Investing not just for rich
Many people often assume they are not in a position to invest. However, have they really done the figures though? We often surprise clients with how fast they can grow their property portfolio. The Herald Sun recently had an article we thought was applicable to this ever-growing group of ‘non-believers’.
HOW much money do you need to have to become a real estate investor? It may be less than you think.
According to the Australian Taxation Office, 76 per cent of the nation’s 1.7 million property investors earned less than $80,000 in 2009-10.
Most investors apply for a loan to finance their purchase.
Financial institutions look for evidence of a stable income, savings and assets to lend against (usually a deposit or another property with equity).
Gone are the days where you needed a 20 per cent deposit, but the more you have the better or you may be charged lenders mortgage insurance.
More investors are buying residential property through self-managed superannuation funds. While this can be an effective strategy to increase your wealth in retirement, it’s not without risk. Seek professional advice to ensure you invest correctly and do not breach the Superannuation Industry (Supervision) Act. Penalties for non compliance can be high.
There is more to financing a property investment than choosing the right finance product and structure.
You must be certain you can afford the acquisition expenses such as borrowing costs, stamp duty, pest and building inspection fees, and legal fees.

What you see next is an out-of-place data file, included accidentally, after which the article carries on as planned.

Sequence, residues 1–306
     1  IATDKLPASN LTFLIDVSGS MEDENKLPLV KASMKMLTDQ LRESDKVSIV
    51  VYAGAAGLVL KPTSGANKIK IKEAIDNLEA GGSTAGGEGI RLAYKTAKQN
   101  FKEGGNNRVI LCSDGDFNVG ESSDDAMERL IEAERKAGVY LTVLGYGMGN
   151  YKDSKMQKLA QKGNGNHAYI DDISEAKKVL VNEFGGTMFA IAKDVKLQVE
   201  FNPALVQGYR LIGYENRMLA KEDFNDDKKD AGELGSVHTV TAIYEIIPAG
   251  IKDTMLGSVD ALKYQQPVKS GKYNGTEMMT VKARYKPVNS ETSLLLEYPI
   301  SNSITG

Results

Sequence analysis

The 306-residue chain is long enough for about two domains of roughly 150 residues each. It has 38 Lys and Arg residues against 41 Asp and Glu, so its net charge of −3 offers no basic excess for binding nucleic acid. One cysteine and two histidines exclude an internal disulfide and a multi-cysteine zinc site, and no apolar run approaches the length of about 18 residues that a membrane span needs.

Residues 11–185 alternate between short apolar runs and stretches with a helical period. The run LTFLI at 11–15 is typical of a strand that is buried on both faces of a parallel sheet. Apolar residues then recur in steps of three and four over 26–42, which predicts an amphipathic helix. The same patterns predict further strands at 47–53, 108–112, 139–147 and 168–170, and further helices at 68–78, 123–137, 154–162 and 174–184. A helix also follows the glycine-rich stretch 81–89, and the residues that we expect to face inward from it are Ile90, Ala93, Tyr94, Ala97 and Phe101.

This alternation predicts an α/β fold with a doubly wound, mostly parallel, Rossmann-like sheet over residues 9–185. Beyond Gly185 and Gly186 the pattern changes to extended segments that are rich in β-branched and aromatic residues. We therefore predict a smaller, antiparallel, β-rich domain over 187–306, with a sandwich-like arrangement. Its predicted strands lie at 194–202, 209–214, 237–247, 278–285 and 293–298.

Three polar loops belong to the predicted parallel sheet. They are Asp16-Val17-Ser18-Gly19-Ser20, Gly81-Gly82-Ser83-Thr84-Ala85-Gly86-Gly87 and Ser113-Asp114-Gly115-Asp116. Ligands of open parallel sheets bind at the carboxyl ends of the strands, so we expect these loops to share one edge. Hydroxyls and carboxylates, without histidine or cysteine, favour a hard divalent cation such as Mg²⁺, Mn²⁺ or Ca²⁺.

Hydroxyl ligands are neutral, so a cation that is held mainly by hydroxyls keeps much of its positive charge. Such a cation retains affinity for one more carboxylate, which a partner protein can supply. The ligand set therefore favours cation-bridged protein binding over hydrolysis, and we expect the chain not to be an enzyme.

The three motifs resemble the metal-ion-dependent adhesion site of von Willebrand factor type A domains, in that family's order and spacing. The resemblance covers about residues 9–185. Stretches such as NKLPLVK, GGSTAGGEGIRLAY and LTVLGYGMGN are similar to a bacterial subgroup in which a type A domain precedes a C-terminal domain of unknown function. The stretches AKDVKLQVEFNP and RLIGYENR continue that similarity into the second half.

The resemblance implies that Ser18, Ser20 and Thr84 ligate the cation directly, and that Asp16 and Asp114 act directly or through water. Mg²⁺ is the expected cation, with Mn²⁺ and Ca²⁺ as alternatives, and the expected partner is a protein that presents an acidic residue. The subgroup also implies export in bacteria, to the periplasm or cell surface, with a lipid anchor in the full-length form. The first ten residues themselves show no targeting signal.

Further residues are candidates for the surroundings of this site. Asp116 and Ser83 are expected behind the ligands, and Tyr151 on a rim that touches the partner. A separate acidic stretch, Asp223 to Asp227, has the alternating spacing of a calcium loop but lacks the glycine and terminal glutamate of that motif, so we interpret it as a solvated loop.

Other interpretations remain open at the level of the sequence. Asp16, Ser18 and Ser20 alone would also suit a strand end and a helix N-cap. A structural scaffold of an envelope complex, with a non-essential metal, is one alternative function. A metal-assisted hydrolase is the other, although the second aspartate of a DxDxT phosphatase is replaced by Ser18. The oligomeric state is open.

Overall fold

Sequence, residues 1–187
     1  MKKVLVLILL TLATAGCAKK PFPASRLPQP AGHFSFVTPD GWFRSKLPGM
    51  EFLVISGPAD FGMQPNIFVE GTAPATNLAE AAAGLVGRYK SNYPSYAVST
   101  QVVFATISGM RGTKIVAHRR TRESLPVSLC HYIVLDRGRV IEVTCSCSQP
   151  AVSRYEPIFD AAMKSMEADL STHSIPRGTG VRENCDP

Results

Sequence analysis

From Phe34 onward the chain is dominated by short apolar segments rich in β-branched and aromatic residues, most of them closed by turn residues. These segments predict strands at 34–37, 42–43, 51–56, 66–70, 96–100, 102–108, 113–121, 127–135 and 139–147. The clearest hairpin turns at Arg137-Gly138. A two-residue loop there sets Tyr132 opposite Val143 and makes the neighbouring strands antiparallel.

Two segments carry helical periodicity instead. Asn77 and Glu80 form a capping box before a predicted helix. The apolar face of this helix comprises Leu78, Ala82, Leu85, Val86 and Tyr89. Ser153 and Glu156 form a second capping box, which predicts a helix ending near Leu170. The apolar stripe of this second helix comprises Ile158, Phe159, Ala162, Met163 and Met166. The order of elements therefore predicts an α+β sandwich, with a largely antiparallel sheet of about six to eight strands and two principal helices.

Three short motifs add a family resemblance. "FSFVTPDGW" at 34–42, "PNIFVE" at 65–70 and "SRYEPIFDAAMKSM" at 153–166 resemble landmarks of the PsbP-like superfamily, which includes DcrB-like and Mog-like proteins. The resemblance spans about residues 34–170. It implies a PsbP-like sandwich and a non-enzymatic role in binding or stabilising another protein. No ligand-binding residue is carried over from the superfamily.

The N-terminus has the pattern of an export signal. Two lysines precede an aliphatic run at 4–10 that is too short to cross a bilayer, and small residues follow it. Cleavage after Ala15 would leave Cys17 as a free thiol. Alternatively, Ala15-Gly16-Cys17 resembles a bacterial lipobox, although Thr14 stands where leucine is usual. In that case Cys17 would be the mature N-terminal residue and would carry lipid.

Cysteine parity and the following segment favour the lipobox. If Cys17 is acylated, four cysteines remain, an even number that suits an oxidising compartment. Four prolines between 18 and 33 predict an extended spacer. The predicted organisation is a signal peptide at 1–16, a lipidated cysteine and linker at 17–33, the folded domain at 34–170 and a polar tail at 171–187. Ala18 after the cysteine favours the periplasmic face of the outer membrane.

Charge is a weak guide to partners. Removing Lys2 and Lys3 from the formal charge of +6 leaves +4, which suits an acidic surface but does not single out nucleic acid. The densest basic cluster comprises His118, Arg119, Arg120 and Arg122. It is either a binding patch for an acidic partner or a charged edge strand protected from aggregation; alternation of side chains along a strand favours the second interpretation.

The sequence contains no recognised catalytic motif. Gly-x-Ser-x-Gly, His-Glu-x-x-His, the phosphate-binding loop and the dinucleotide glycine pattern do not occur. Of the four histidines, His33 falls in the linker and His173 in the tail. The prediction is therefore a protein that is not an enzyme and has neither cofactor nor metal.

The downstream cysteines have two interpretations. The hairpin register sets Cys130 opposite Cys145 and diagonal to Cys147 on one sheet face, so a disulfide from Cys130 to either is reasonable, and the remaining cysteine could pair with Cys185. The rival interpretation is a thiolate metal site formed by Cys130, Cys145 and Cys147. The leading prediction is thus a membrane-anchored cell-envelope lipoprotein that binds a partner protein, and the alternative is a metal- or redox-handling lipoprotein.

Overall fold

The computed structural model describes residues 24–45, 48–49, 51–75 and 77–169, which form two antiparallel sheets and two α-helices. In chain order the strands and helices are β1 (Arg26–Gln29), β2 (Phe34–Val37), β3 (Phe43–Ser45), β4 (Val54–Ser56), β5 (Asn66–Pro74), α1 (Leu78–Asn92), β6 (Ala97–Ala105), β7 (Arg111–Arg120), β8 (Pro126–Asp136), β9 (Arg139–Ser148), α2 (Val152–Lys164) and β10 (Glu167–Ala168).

You also need to afford ongoing holding costs such as mortgage repayments, insurance, property management fees, maintenance and council rates, land tax and other government charges.
Depending on your personal financial situation, you may be able to negatively gear.
An investment is negatively geared when the costs you claim from it on your tax return exceed the income it produces.
Get professional financial, taxation and legal advice, and if you’re going to pursue this strategy, get a tax-compliant depreciation schedule.
Property is a long-term investment, so make sure that if your circumstances change you can sustain it. Will you be able to make repayments if your property becomes vacant, if the rent income declines or interest rates increase?
What will your exit strategy be if things go pear-shaped?
Don’t just rely on being able to sell your property.
A good rule of thumb to estimate your staying power is to add 2 per cent to the current interest rate. If you can still afford it you should be OK.
Tony Winterbottom is a General Manager of Defence Housing Australia.